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Jalsa Salana 1937

Mentioning the Jalsa Salana Qadian 1937, the same newspaper reported under the heading “Ahmadiyya Conference: 46th Annual Session Opens at Qadian—History of Movement Outlined”:

“Qadian, Dec. 27.

“With a stirring appeal to the audience to have confidence in the latent powers and wonderful capacities with which human nature was imbued and to trust in God, who was the giver of these powers, Mirza Bashir-ud-Din Mahmud Ahmad[ra], head of the Ahmadiyya community, opened the 46th annual session of the Ahrnadiyya Conference on Sunday morning in the presence of a very large gathering.

“The session will continue for three days in the course of which the head of the community will deliver two addresses, the first of which comprises a review of last year’s work of the community, missionary and otherwise, and the programme for the coming year.

“The subject of the second address will be literary. Fifteen more lectures will be delivered. Prominent among the lectures are Sir Zafrulla Khan[ra], Commerce Member, Government of India; Qazi Mohd Aslam, Professor, Government College, Lahore; Dr. Mufti Mohd. Sadiq[ra], a former missionary in England and America; Mr. Abdur Rahim Dard[ra], a former missionary in England and Africa, and Maulvi Abul-Ata[ra], a missionary in Palestine and the Near East.

“After recitation from the Quran, the head of the Ahmadiyya community, in the course of his inaugural address, briefly discussed the rise and fall of nations. Sacrifices and sufferings, he said, make a nation great. United front of opponents and sundry other trials and tribulations only go to tone up the validity and moral calibre of a living community, which has a grand mission before it.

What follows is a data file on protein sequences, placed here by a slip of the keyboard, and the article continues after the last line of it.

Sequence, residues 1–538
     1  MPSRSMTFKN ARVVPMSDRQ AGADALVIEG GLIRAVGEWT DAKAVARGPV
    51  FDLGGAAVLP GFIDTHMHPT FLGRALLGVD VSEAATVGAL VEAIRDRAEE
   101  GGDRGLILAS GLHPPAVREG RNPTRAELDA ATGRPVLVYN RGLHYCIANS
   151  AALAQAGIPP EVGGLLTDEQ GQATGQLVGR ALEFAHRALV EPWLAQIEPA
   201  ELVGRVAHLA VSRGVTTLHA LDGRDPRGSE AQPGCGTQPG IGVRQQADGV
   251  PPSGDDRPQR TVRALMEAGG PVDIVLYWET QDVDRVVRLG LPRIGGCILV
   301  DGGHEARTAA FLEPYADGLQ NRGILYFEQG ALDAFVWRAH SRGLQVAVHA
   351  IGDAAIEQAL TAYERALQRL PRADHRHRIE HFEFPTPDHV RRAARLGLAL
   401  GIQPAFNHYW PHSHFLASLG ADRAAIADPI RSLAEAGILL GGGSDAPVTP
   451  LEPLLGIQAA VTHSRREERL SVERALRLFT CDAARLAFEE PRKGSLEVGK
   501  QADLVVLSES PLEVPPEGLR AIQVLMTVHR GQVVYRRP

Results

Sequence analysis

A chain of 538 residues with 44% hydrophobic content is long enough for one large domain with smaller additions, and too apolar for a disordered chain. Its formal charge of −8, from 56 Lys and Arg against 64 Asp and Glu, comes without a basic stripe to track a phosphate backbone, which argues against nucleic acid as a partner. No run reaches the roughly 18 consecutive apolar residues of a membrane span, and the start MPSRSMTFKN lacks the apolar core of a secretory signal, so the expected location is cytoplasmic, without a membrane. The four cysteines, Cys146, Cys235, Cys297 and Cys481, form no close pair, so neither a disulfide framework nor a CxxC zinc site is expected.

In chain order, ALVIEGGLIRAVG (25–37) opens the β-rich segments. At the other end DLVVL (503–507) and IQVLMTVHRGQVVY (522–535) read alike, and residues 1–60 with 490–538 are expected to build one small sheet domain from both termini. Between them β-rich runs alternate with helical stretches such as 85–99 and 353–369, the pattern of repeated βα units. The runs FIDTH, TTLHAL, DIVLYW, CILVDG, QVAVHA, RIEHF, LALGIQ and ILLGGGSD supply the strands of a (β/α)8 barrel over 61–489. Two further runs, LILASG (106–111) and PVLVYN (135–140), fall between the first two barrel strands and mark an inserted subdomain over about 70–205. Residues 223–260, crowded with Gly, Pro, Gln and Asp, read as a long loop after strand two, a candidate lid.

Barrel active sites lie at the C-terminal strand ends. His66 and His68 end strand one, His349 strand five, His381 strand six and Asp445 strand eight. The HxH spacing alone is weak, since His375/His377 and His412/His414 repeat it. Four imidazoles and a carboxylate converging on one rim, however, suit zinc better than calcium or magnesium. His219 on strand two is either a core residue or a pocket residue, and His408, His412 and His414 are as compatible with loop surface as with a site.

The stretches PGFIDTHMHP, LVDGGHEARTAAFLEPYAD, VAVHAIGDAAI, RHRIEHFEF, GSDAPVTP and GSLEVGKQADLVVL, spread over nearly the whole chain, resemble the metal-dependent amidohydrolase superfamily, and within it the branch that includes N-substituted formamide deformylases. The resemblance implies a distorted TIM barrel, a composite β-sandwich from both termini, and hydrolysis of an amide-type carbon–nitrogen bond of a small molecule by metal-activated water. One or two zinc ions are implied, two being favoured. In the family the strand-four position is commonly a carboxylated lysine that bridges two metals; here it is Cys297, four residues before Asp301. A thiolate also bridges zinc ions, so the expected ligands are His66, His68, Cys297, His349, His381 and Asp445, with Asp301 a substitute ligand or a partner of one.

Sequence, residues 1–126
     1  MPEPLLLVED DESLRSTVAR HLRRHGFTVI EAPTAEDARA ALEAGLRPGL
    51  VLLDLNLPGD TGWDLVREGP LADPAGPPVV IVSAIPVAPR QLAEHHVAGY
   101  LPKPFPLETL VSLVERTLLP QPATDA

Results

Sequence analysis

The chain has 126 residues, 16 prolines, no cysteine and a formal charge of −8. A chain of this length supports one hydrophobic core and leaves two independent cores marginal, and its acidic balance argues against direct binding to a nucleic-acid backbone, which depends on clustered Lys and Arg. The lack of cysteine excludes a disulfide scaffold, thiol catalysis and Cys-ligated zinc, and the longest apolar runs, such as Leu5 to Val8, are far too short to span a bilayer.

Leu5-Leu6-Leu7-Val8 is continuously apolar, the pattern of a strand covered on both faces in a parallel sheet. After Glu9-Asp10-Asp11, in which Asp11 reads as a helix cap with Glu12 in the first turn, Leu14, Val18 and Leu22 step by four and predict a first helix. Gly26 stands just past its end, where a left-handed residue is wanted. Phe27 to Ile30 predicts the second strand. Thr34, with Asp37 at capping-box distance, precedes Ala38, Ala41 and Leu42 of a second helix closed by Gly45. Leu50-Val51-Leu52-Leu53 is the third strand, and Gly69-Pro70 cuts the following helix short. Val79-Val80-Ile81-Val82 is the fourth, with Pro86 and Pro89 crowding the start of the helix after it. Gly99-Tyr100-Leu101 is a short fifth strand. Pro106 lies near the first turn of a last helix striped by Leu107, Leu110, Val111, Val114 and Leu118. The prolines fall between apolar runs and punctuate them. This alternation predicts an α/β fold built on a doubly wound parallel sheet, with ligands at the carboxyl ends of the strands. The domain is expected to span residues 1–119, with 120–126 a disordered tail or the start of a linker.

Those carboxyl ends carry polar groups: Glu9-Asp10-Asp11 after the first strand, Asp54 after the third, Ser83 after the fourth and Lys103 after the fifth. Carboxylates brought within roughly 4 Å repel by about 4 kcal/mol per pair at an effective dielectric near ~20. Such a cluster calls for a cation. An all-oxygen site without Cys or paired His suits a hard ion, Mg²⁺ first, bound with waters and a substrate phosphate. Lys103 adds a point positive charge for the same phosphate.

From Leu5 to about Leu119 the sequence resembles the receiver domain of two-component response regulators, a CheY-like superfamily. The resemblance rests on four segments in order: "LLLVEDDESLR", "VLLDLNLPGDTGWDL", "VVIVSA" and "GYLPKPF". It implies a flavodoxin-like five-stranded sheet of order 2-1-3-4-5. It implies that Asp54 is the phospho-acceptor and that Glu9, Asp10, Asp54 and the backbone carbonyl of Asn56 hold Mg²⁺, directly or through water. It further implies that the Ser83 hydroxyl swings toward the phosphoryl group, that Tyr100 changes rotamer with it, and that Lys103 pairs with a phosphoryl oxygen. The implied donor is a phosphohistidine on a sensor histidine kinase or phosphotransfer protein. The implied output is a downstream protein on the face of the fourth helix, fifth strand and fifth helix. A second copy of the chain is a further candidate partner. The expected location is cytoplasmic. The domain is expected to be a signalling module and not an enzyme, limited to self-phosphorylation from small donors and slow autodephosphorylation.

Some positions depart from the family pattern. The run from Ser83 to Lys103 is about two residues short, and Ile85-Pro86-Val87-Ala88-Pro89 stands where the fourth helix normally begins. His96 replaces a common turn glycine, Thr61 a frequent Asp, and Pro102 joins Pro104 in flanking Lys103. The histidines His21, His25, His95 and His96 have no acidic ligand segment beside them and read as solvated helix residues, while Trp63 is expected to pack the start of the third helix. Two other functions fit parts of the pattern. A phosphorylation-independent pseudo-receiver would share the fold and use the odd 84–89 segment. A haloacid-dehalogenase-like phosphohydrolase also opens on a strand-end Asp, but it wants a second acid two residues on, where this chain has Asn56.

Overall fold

“He recalled the humble origin of the annual gathering and its growth into an institution, attracting people from all quarters of the world. The cosmopolitan character of the audience bore testimony to its increasing popularity.

“He exhorted his followers to have unfailing faith in the truth of their mission and let no spirit of defeatism mar their determination.

“The service of humanity, he said, was the great purpose of man’s life, which made it worth living.

“Sir Zafrullah Khan[ra], in the course of his speech on ‘the responsibilities of Ahmadiyya youth,’ exhorted young Ahmadis to train and equip themselves, intellectually and physically, for the battle of life, firstly, by fully understanding what their movement stood for and, secondly, by living clean lives.

“‘Truthfulness, uprightness, punctuality, respect for law and authority, faithfulness to one’s obligations and above all, the realisation of the importance of time,’ he said, ‘are some of the qualities badly in need of being cultivated by our young men. Time is God’s most precious gift to man, more precious than air and light. It is the breath of life and should not, therefore, be wasted lightheartedly.’

“The Ahmadiyyas are a sect among Muslims whose distinctive feature is their missionary organisations in many countries. The head office is at Qadian and the head of the organisation is called Khalifa (successor to the Founder of the Ahmadiyya Movement) corresponding to the Khalifas of the Prophet Muhammad[sa], whose traditions they claim to have revived.

“The Ahmadiyyas claim to have a following of over 1,000,000, which they believe is quickly increasing as a result of their missionary activities bringing converts into their movement from every religion and from every country.

“Mostly living in India, the birth-place of the movement, the Ahmadiyyas claim to have co-religionists among the inhabitants of all Islamic countries, such as Afghanistan, Persia, Arabia, Syria, Palestine, Egypt and Turkey. Penetrating Europe, they have opened regular missions in Russia, Germany, Poland, Yugoslavia, Hungary and Spain.